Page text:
Colin Gonsalves

Colin, you run the Human Rights Law Network in India?

Yes. We started back in 1989 with just three people, in a small office in Mumbai. From there, we have grown to become India’s largest human rights law network with 21 offices and 250 full-time staff. 110 are lawyers, the rest are social activists and support staff. Our main office is in Delhi, as our work often involves litigation at the Supreme Court.

What kind of work do you do?

We spend half our time litigating and the other half campaigning on behalf of the poor. Our ethos has remained the same from day one: we never turn a needy person away. We are a bit superstitious about it. We think that turning people away brings bad luck! There are just two types of case that we will not do, however meritorious they may be: cases of men against women, and cases of employers against their employees. We don’t just sit here waiting to be found. We go out and give free legal advice and representation to people in prisons, beggars’ homes and juvenile homes.

Has the nature of the human rights work that you do changed over the years?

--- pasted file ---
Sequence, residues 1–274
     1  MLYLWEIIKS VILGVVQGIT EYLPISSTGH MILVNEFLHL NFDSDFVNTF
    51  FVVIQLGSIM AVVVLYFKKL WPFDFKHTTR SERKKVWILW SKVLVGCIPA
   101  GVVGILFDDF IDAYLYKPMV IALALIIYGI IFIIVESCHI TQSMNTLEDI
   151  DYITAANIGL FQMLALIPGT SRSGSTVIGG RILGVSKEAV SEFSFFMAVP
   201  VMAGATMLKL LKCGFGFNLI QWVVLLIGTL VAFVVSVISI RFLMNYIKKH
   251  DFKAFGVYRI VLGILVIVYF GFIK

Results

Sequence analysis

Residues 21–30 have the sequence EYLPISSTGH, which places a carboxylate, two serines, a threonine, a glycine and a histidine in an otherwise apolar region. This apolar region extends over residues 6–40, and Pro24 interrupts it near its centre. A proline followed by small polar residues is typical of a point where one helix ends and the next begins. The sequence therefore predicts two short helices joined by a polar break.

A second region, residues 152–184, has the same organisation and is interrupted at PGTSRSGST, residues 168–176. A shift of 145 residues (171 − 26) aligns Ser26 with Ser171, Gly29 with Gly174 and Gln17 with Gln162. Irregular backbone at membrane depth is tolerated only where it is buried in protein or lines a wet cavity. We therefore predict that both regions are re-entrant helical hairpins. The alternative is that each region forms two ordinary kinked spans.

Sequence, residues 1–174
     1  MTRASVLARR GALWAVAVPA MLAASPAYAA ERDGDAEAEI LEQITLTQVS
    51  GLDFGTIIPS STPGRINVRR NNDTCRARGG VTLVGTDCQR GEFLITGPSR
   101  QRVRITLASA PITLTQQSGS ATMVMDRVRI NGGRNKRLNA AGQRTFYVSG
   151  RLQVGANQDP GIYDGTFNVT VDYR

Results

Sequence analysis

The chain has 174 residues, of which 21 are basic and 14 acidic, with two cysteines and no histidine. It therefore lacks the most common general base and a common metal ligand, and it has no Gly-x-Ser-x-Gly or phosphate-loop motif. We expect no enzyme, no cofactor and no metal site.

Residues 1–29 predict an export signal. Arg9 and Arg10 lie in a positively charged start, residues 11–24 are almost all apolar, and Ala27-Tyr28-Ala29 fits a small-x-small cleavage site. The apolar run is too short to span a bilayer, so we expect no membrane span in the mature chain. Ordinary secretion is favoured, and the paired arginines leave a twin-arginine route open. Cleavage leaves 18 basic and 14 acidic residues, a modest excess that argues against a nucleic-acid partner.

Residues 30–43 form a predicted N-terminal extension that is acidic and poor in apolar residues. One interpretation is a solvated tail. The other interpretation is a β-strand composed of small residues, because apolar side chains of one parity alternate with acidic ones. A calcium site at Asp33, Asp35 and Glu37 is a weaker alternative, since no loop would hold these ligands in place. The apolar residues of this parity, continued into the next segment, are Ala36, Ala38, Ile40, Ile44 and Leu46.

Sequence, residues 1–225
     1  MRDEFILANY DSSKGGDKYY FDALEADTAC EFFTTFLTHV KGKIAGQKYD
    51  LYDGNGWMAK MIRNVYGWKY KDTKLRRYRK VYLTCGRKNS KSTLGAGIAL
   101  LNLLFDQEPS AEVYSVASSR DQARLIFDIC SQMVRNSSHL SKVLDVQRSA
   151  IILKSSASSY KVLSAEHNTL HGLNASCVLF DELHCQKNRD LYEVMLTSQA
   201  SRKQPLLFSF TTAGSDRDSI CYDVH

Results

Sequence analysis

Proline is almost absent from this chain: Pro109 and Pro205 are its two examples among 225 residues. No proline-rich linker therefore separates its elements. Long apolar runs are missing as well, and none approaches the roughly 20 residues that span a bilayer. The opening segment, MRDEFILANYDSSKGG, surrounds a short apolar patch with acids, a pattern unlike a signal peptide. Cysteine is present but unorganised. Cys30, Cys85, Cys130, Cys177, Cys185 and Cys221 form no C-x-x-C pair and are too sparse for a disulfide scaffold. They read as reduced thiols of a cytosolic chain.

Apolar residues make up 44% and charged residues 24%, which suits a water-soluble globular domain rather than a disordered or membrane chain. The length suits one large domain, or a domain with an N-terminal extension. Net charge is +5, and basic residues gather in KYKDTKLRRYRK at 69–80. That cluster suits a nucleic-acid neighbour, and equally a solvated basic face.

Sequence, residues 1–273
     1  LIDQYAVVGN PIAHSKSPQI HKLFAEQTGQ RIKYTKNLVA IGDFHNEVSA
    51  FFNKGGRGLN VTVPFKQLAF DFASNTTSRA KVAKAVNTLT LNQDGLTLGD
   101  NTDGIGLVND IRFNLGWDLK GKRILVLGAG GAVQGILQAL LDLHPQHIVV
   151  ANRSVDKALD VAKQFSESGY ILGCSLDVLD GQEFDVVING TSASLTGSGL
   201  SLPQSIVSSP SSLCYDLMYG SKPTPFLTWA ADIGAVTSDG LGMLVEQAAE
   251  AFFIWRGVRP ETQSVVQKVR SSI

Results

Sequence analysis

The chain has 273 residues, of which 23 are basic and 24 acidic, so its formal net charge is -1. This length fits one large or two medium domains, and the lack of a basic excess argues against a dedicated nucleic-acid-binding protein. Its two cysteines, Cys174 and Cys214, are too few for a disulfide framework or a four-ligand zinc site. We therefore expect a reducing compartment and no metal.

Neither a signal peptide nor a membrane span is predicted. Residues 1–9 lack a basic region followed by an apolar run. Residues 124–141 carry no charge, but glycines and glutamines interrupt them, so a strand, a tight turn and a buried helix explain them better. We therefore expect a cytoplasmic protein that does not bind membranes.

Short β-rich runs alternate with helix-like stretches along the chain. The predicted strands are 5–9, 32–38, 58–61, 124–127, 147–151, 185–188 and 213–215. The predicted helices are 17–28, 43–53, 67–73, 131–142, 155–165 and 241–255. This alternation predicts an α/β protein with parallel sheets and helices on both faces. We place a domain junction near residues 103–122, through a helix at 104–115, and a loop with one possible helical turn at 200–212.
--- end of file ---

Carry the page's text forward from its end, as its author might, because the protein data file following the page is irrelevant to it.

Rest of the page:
Yes. Back in 1989, we focused on labour law. I have a background in engineering and I worked with a trade union before I qualified as a lawyer. As the organisation spread throughout the country, we took on criminal law cases. Disability cases followed, and recently HIV work has become an important element of our work. Our original policy of not turning away people in need has naturally resulted in a huge variety of work. Our clients are most often women, children, Dalits (the lowest caste) and tribals (those living in forested areas). We have a website for those who would like to know more: You’ll see that it is hard to find a social issue affecting the poor in India that the HRLN doesn’t already actively address.

You have also done some major terrorism cases.